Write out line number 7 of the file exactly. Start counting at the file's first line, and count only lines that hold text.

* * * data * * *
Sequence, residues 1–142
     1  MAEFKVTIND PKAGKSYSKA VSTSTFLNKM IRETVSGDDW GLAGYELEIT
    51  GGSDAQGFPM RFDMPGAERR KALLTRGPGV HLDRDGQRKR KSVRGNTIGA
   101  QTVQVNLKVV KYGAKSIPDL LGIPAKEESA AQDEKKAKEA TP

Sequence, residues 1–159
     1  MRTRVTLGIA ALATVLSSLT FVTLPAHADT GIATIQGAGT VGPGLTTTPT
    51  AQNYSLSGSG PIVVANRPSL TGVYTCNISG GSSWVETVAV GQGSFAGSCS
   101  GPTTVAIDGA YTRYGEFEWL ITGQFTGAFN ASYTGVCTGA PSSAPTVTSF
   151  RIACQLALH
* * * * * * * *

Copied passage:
    51  AQNYSLSGSG PIVVANRPSL TGVYTCNISG GSSWVETVAV GQGSFAGSCS